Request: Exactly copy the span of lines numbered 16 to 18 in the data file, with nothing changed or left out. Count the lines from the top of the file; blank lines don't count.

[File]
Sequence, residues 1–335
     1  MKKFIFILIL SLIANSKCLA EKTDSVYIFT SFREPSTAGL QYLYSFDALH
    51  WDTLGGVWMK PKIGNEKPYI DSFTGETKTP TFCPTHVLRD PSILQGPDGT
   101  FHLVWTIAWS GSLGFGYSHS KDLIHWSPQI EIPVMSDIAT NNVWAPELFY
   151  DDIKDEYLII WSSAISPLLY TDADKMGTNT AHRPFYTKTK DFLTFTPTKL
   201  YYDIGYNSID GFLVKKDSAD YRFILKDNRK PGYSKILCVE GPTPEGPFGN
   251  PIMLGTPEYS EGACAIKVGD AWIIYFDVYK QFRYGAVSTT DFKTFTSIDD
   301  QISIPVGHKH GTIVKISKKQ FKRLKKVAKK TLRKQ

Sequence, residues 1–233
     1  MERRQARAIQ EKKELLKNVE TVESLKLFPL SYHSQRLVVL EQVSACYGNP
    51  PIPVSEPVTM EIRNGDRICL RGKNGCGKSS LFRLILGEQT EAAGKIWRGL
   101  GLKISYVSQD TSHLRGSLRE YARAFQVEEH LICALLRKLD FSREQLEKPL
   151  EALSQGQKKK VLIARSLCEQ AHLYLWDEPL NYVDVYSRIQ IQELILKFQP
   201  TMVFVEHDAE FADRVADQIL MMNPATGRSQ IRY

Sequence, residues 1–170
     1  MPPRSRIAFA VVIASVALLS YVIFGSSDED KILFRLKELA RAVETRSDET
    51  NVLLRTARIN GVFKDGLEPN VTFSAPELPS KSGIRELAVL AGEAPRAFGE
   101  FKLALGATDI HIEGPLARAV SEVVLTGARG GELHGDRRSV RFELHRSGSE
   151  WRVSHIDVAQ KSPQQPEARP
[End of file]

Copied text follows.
     1  MPPRSRIAFA VVIASVALLS YVIFGSSDED KILFRLKELA RAVETRSDET
    51  NVLLRTARIN GVFKDGLEPN VTFSAPELPS KSGIRELAVL AGEAPRAFGE
   101  FKLALGATDI HIEGPLARAV SEVVLTGARG GELHGDRRSV RFELHRSGSE